Category Archives: Science

Meet Our Teachers: Jeanne Pagliaro

Jeanne Pagliaro teaches seventh-grade physical science and eighth-grade life science.

Ms. Pagliaro began her career in middle school, but she also taught high school courses for many years in both public and private schools. She joined Morgan Park Academy this fall after being the STEM division chair and AP biology and biomedical sciences teacher at Queen of Peace High School, where she collaborated with other high schools, universities, professional organizations and alumnae, working with them to inspire more students to pursue engineering fields after high school.

She holds a B.S. in secondary education from the University of Illinois at Urbana-Champaign and a Master of Education degree from the University of St. Francis.


How would you describe your ideal student?

This student has a sense of humor and is also willing to take risks; is not afraid to be wrong. I believe we learn a great deal from our mistakes, and I do my best to provide a classroom that encourages risk-taking and self-discovery along with laughter and joy. As a student, I was terrified to be wrong, and so I do not want my own students to have the same experience.

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Meet Our Teachers: Lynsey Bochenek-Robertson

We are pleased to welcome Lynsey Bochenek-Robertson ’06 back to Morgan Park Academy this fall to teach Upper School science. This year, she is teaching chemistry and genetics, plus coaching tennis and soccer.

Ms. Bochenek attended Murray State University on a full tennis scholarship, earning an undergraduate degree in pre-med biology and chemistry and a graduate degree in biochemistry while conducting research in renal physiology. After teaching human anatomy and human physiology as a grad student, she entered the profession by teaching chemistry at Butler College Prep.


What do you enjoy most about teaching?

I teach because I believe it is my calling. I am always aiming to help each student unravel his or her uniqueness. I also want to install a love of learning in students, so they will always have a desire to grow and develop into the best version of themselves.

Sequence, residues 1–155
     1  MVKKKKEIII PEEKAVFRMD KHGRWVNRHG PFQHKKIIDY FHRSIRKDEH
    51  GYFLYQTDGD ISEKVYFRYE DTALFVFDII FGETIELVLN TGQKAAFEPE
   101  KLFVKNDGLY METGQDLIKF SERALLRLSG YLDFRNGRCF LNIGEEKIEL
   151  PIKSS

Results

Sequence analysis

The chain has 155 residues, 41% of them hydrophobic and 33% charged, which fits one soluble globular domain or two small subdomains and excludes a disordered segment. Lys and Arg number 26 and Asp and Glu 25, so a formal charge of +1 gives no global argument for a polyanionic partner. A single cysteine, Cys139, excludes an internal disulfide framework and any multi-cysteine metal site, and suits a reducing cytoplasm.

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Meet Our Teachers: Jessica Stephens

Please help us welcome Jessica Stephens, who joins the Morgan Park Academy faculty as a sixth-grade math and science teacher and sixth-grade advisor.

Mrs. Stephens has taught at both the middle school and high school level, teaching algebra, chemistry, biology, and seventh- and eighth-grade science.

She holds a B.A. from Princeton University, where she majored in psychology as a pre-medicine student.


What is the most important life lesson you want students to learn in your class?

I appreciate George Bernard Shaw’s quote that what is most important is seeing “the child in pursuit of knowledge, and not knowledge in pursuit of the child.” I desire most that students learn the value of knowledge and the importance of pursuing truth. This life lesson will transform students into individual persons who set the intent to educate the self rather than passively awaiting another to dispense knowledge — only to be tempted to either instill such knowledge or carelessly discard it upon its false evaluation of its worth. Therefore, my hope is that in understanding the worth of knowledge and the pursuit of truth, one’s perspective will be the impetus in doing the former rather than the latter.

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Why I like being a teacher in an ISACS school.

Over the past two months, I have had the opportunity to experience three professional development opportunities: I presented at the Illinois Science Teachers Association (ISTA) in October, I went on an Independent Schools Association of the Central States (ISACS) accreditation team visit in late October, and I presented at the ISACS Annual Conference in early November. These three experiences reinforced the rewards of being a teacher at an ISACS school.

At the ISTA conference, I gave a presentation titled “Back to BINGO for Bio Vocab” in which I shared some tools that I use to help students learn complex biology vocabulary. Although I had been to ISTA as a participant for several years, this was my first time presenting and I was reminded of how intimidating it can be. At MPA, we constantly encourage our students to demonstrate their understanding of material in a variety of ways. We encourage our students to speak up in front of the class, design models of scientific inquiry, and propose new solutions to problems. We also have students present on a regular basis and they have developed the tools to collaborate with each other and be comfortable in front of a group of their peers. Presenting at the conference reminded me of how important it is to have opportunities for students to “show what they know.”